Working with fire history rasters

A powerful feature of raster data is the ability to conduct mathematics using multiple datasets. For example, by adding multiple burnt area raster layers together, we can produce fire frequency information, giving new insights into the fire regimes of a region.

Fire history analysis using raster math.

In this section of the tutorial, we will create fire history metrics for Kakadu National Park using raster data from the North Australia Fire Information Website;

Load all of the downloaded raster fire data into QGIS using the file browser.

Clip each fire raster to Kakadu the same as you did for the elevation data. This time, set the output data as a file to save into a ‘working’ directory:

As you clip each fire dataset give it a name as shown below.

You should end up with data layers like this:

An important metric for understanding fire management outcomes is the frequency of hot late dry season fires. We will create a late dry season fire frequency layer for Kakadu. To do this we first need to reclassify each layer giving Early Dry Season fires the values of 0 and Late Dry Season fires the value of 1

Use the reclassify raster tool as you the same as used on the elevation data-set except classify the data as shown. (Months 0-7 a value of 0 and months 7-12 a value of 1.)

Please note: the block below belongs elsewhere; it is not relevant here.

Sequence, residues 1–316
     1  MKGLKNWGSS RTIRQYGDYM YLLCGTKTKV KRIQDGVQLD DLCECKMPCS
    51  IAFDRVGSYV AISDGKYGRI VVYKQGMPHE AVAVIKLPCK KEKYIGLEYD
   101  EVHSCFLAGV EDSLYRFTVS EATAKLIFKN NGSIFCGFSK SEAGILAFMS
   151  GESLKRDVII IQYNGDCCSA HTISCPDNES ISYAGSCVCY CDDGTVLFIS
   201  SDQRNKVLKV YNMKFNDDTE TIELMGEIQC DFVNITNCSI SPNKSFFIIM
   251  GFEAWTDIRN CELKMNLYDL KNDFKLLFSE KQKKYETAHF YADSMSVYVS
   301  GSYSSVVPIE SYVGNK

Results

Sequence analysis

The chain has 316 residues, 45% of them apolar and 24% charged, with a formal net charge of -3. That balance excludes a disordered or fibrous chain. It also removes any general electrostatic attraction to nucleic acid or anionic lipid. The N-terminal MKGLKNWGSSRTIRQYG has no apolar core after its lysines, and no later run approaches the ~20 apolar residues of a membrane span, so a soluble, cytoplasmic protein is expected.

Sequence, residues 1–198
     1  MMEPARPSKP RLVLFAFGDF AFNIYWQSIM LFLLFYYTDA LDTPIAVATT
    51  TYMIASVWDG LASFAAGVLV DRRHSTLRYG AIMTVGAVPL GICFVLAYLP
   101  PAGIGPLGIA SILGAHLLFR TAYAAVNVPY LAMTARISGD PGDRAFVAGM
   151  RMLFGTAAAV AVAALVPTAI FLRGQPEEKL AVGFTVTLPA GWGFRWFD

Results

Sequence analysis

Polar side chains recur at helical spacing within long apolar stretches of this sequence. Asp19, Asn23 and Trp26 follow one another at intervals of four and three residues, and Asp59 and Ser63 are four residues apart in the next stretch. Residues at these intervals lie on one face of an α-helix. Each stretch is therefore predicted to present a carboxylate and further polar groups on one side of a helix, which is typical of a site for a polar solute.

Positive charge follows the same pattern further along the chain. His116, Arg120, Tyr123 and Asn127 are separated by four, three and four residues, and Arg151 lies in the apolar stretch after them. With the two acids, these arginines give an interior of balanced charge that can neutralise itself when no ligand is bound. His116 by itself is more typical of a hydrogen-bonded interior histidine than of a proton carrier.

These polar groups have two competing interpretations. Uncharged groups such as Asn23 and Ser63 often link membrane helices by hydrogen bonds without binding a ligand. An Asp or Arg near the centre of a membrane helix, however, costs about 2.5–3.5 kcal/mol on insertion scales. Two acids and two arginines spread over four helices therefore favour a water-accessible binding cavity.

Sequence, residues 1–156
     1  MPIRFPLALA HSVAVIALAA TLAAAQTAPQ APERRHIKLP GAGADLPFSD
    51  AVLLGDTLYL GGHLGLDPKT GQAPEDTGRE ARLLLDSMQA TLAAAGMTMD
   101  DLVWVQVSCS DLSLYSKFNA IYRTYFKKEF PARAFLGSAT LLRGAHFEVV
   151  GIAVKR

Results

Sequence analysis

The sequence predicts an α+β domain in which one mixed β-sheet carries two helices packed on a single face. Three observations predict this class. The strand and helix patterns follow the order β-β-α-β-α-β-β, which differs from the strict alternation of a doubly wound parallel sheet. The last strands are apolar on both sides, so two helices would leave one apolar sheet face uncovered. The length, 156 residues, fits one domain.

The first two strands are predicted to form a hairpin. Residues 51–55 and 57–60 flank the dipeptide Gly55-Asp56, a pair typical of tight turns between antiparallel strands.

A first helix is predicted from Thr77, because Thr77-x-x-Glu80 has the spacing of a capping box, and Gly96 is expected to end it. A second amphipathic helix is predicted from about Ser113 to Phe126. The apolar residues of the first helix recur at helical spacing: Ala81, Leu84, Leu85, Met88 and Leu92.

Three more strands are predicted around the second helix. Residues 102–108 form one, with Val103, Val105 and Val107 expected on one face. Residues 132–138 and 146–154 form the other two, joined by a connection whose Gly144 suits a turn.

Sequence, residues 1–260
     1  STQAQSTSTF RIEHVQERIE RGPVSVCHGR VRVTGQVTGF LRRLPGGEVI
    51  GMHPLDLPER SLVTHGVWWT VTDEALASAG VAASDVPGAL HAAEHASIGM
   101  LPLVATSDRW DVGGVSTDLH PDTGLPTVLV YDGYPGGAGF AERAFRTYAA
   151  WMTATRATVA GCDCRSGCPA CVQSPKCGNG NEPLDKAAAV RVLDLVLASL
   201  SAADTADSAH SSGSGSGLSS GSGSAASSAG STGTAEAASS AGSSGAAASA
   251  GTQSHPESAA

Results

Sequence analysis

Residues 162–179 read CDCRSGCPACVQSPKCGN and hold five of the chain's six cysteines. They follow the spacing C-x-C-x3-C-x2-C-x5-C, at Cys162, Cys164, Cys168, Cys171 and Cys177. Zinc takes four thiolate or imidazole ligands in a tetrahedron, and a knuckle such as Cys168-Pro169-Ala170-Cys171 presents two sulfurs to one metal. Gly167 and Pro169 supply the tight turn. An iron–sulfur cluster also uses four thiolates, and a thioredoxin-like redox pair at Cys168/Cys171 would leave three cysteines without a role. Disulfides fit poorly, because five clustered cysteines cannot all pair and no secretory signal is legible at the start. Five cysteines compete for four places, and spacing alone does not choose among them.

As you produce each new LDS dataset, name them by year and reclassification type, i.e. FS2014_LDS, so you know what each layer is.

Now use the raster calculator tool to add all of the reclassified LDS layers together as shown below.

Display the final Late Dry Season  Fire frequency using a colour ramp similar to that shown here.

To get an area report for the LDS fire frequency, we need to reproject the result into GDA 94/Australian Albers as we did with the elevation dataset.

Use Raster Layer unique values to create fire history report.

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Try copying and pasting the values into Excel to produce a graph of fire frequency.

Finally, create a LDS fire frequency report for sandstone country. Fires clip the raster dataset to the Sandstone habitat type.

Combining Raster and Vector data for analysis

First, select the ‘Sandstone Woodland’ habitat type.

Use the Clip Raster By Mask Layer tool.

When you run the tool, make sure you have selected the feature only ticked:  

Now you can report on the area of just the Sandstone country that was affected by Late season fires.